Prevention and treatment programs for psychosis at the Hadassah Clinic

Psychosis is a relapsing disease. With timely and comprehensive treatment, the prognosis will be favorable. However, the patient will have to undergo preventive examinations for several more years. If the patient follows all the recommendations of the doctor, the likelihood of exacerbations in the future will be minimal. To prevent the development of psychosis, you need to monitor your physical and mental health. For this:

  • Eat right and balanced;
  • Give up bad habits, especially alcohol and drug use;
  • Avoid stressful situations;
  • Avoid physical and psycho-emotional overload;
  • Seek medical attention for all head injuries;
  • See a therapist if needed;
  • Observe the daily routine;
  • Communicate more.

Psychosis is an insidious and dangerous problem. And it is very important to notice it in time and start treating it. If you see signs of approaching psychosis in yourself or loved ones, you should immediately consult a doctor. You can make an appointment at the Hadassah clinic in Moscow, where experienced specialists will determine the cause of psychosis and select an effective treatment regimen. nine0003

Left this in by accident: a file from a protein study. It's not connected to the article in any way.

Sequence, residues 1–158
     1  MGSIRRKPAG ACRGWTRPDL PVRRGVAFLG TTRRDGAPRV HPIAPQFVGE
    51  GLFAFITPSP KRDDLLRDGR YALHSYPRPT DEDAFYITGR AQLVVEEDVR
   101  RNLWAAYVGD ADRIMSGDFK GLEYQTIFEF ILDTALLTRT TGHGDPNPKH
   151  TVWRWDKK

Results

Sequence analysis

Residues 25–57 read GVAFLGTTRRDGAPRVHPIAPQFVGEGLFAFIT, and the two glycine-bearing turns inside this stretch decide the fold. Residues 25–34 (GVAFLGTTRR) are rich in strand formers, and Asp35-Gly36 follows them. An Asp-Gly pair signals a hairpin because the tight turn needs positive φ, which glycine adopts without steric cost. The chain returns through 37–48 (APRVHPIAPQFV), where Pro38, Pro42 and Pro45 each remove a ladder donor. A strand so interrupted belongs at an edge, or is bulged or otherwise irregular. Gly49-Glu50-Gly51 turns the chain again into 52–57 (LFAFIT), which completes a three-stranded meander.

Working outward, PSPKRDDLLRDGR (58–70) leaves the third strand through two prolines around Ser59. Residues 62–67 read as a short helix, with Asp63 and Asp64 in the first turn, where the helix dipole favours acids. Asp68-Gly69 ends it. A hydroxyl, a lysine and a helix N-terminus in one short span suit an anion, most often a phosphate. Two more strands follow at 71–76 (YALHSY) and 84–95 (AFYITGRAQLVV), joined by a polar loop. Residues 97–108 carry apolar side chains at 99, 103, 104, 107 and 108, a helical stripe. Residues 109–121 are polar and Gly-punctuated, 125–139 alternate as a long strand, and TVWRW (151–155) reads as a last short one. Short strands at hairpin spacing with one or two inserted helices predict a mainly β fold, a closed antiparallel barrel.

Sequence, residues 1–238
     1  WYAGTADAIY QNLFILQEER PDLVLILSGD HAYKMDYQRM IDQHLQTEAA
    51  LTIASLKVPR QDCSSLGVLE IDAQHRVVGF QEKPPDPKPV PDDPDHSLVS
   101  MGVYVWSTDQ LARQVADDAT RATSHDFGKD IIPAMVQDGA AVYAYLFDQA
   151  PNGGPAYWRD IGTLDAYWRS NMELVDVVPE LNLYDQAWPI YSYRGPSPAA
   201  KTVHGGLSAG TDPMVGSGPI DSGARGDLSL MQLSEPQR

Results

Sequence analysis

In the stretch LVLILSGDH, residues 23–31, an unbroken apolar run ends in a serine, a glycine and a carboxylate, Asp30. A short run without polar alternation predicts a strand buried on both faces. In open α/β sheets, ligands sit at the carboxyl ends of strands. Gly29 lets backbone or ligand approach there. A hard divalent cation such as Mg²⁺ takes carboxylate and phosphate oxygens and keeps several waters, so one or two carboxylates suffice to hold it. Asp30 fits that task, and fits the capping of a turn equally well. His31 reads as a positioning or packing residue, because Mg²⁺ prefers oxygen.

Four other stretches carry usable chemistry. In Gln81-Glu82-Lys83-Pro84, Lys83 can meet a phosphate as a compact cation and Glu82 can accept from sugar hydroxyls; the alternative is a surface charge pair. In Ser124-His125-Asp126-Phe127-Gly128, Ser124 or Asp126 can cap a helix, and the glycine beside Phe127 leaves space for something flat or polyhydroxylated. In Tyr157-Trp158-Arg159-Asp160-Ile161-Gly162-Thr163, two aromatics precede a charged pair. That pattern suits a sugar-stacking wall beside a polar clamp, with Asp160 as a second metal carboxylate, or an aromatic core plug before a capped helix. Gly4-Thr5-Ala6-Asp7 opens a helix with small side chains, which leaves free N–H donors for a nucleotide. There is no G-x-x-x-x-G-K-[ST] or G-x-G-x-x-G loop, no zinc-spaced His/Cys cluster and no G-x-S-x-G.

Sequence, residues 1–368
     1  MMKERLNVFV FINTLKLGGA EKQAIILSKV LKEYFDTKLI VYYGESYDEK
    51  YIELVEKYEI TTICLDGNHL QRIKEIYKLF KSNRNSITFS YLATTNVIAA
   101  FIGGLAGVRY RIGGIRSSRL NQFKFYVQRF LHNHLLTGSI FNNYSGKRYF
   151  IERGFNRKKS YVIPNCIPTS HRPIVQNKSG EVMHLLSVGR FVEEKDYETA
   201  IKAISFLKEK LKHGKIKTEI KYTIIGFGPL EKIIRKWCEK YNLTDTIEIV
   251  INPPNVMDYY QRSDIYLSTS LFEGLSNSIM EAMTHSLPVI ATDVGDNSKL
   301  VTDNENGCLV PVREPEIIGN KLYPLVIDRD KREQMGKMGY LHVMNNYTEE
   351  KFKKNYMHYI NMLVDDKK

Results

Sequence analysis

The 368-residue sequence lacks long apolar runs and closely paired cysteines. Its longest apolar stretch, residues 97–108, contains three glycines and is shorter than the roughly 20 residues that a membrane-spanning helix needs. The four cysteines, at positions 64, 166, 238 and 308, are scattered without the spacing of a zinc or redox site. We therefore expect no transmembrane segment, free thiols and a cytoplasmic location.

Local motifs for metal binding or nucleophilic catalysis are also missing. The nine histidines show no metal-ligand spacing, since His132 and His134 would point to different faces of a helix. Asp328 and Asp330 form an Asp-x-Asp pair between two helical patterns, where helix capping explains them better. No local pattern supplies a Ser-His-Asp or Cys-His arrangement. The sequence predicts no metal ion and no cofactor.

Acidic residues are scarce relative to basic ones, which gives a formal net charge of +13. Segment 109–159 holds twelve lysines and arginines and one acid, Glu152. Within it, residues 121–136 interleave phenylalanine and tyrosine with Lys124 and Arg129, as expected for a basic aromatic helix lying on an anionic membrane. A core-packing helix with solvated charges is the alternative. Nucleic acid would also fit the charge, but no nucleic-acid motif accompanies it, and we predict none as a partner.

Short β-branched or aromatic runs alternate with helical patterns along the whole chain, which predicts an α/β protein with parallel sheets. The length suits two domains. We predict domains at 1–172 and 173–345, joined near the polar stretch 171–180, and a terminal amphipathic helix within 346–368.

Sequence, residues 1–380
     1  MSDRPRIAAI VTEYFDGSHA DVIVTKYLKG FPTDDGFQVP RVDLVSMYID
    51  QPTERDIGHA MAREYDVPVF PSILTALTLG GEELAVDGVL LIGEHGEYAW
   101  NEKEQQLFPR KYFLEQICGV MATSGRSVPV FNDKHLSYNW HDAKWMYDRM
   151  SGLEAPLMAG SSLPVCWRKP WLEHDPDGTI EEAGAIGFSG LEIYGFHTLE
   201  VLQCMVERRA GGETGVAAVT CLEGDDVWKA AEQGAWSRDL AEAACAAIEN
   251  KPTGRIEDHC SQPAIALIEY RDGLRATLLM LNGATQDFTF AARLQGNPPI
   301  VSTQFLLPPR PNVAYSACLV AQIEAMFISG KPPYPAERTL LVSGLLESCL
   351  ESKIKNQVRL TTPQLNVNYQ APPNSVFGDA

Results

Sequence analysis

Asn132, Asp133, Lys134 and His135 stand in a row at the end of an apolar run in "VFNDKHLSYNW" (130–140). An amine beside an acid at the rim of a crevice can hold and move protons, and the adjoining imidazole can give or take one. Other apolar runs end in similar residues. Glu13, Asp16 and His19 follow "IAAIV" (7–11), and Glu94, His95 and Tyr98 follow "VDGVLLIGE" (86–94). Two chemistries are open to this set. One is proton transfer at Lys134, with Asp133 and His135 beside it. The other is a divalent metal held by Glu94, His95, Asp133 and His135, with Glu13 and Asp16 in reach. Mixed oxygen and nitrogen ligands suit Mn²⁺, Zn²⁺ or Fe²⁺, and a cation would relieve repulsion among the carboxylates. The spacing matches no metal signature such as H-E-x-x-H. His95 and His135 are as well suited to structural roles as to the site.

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symptoms and treatment of acute psychosis, what to do with signs of psychosis?

How to deal with a psychotic person?

In order to avoid the dangerous consequences of psychosis for the patient and his environment, it is important to know how to behave with a person in a state of disorder. If the signs of psychosis are clearly visible, the first thing to do is to try to remain calm, demonstrate self-confidence and goodwill. In a conversation with a person in a state of psychosis, you cannot: nine0003

  • argue;
  • object;
  • to sneer;
  • scream;
  • tease.